“Shelf Life” at Tribeca 2024

    When Americans think of cheese it is usually cheese burgers or those horrible cellulose “cheesy poofs” beloved by Cartman in “South Park.” Orange, mild slices of Kraft American cheese. Cheese balls. Mac and cheese. (I am the rare person who isn’t infatuated with that beloved comfort food.) “In 2022, the average consumer in the United States ate about 41.8 pounds of cheese. Over the past ten years, U.S. per capita consumption of cheese has increased by over five pounds. (source)”

    But French people eat even more cheese each year yet they do not suffer from the same obesity epidemic people in the U.S. do. Probably because they eat mostly Brie and Camembert and scoff at American-made cheese.

    I love cheese but I have to eat it very sparingly. Especially at my age–there is a huge digestive cost for eating rich dairy products. And I can’t always afford to eat the very good blue and parmesan and stilton and other cheeses I love. I’m also one of those who believe in the science behind why humans shouldn’t consume dairy but really good cheese is (as BBQ is for some vegetarians) my weakness. So for me, the new documentary “Shelf Life” (which just screened at Tribeca) is major league food porn.

    Directed by Ian Cheney (who co-directed 2014’s “The Search for General Tso”), this gorgeously shot documentary portrays a variety of cheesemakers (or “cheesemongers”) all over the world. 

    Jim Stillwaggon, an American in France who once published a website called “Cheese, Sex, Death and Madness,” ponders the question, “Is cheese really food?” He thinks it is more of a sensory experience. Seeing a fly land on some cheese (a sight my American-taught germaphobia makes me gasp at!) he talks about how forensics specialists can tell how long a human corpse has been dead by the species of flies buzzing above it and wonders if it is the same with rotting cheese. He later tells the story of eating some cheese in the dark that was very good and then discovering that is was full of worms!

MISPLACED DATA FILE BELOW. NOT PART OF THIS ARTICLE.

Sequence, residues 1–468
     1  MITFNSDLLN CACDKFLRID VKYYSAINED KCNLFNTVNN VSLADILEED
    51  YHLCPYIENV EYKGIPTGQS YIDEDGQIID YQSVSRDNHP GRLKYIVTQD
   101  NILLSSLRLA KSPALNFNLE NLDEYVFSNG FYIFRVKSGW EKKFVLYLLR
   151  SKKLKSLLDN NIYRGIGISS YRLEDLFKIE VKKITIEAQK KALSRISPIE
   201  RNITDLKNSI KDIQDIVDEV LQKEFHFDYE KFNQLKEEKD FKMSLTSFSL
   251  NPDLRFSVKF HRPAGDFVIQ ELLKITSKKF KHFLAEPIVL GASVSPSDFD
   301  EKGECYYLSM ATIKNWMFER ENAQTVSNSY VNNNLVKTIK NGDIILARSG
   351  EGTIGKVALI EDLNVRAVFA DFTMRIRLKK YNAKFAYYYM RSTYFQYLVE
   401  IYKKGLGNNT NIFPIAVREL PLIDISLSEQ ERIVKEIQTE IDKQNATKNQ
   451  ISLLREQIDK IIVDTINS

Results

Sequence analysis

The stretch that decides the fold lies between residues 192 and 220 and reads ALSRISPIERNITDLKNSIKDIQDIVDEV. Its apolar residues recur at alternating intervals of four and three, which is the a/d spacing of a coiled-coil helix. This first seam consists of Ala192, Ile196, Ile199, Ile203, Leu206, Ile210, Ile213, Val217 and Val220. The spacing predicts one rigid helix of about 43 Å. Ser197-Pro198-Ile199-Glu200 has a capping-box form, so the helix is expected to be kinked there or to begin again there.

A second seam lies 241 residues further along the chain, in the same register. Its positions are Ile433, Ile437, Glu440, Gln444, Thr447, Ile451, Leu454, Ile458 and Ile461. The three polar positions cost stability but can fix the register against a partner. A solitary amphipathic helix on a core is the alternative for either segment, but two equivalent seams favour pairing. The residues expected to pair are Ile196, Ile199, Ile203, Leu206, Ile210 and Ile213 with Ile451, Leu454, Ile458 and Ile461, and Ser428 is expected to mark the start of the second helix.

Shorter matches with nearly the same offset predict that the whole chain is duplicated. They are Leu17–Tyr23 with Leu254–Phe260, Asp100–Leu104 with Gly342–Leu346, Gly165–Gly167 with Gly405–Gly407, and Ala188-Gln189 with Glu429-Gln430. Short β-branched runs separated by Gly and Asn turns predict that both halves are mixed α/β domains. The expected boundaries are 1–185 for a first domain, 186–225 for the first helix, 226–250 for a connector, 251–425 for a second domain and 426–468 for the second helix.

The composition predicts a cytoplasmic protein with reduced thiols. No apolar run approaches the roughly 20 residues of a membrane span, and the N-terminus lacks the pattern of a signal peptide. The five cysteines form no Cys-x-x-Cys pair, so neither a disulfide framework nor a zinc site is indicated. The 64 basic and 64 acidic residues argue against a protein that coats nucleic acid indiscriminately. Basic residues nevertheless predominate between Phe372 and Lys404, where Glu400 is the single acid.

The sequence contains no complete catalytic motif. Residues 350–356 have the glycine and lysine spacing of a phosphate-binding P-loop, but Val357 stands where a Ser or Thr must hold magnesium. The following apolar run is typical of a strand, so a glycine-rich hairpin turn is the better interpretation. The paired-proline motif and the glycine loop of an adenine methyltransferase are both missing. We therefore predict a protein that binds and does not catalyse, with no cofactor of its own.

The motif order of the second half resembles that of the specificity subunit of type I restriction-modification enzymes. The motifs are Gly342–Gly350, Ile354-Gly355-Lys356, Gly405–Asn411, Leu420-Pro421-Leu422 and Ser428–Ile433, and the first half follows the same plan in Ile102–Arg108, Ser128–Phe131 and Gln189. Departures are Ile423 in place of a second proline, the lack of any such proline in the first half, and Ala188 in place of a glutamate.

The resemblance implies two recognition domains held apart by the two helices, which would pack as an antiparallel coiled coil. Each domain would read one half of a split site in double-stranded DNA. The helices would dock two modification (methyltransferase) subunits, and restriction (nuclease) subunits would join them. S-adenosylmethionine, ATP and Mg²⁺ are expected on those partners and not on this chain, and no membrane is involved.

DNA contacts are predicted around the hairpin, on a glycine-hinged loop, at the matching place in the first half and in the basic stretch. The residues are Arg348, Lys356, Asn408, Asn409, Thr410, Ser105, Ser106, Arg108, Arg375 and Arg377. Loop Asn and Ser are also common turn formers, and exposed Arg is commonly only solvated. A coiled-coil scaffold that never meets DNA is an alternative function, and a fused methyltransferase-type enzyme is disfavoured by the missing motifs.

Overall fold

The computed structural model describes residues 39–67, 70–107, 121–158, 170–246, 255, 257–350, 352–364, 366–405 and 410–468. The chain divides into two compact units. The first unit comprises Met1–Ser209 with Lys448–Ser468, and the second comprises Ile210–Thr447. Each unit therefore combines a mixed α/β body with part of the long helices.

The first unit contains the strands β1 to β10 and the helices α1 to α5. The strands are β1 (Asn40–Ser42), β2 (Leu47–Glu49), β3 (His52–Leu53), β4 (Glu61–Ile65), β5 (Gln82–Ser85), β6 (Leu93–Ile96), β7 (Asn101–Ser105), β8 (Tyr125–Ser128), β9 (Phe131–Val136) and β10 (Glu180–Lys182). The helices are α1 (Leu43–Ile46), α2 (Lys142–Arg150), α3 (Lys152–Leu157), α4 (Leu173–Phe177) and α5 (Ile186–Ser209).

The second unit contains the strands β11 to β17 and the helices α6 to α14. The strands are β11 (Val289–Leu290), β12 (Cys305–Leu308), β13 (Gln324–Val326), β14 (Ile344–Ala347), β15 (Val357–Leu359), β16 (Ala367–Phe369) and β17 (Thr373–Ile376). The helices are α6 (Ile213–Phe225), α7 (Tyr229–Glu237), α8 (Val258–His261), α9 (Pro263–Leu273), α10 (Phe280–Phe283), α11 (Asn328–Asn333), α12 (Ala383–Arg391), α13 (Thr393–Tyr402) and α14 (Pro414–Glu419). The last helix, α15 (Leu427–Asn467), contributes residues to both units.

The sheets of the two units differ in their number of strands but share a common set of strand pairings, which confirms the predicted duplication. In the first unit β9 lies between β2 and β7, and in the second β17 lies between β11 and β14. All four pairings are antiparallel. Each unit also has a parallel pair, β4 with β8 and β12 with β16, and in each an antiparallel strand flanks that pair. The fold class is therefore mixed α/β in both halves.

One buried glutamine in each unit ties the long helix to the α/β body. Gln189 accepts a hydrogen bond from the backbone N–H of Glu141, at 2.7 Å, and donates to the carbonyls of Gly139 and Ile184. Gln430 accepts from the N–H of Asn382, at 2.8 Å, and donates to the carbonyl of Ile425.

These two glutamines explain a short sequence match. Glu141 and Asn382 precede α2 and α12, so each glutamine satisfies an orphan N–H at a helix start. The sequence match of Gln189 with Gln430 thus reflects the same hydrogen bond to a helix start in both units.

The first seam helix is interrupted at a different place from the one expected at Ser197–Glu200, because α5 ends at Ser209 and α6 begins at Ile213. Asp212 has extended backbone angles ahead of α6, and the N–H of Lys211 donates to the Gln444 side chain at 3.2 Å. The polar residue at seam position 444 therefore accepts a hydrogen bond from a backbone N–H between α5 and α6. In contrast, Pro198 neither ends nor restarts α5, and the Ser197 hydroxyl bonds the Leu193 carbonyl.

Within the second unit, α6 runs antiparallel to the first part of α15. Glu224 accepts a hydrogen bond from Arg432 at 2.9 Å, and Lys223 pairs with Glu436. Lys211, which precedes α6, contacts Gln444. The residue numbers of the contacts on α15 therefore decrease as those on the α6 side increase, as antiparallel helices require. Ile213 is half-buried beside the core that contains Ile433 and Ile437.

68-year-old Mary Quicke of Devon, England explains why it is important to eat good cheese “nose to rind.” Mary says she is looking for a “mouth orgasm!” Alish Noris Jones, a monger who lives in Chicago talks about her selections for a cheese board served to her “besties” that day. Highly educated scientists and cheese tasters in Jasper Hill, Vermont demonstrate tapping cores of rinds to measure the progress of the mold. Microbiologist Rachel Dutton talks about the mites in the dust covering a rind: scrape off some to a surface and you’ll see it move over time! A cheese judge at an international competition explains the criteria for a gold medal cheese.

    One of the best segments involves Pakistani archaeologist Salima Ikram, a professor of Egyptology, who shows evidence that cheese was made by the workers who build the ancient pyramids. She, like many of those interviewed in the doc, compares the aging of cheese to the aging of humans. People, she points out, only lived to be about forty years old in the ancient world: “Alexander the Great died at age 33.” When does a person or a cheese peak?

    To paraphrase the great Michael Pollen’s advice about how to eat in general: “Cheese. Eat a little bit. Learn about it and savor the taste.” And there may be no better way to school yourself quickly than to see this great new documentary about the art, science and culture of rotting milk.

    Latest articles

    More Reviews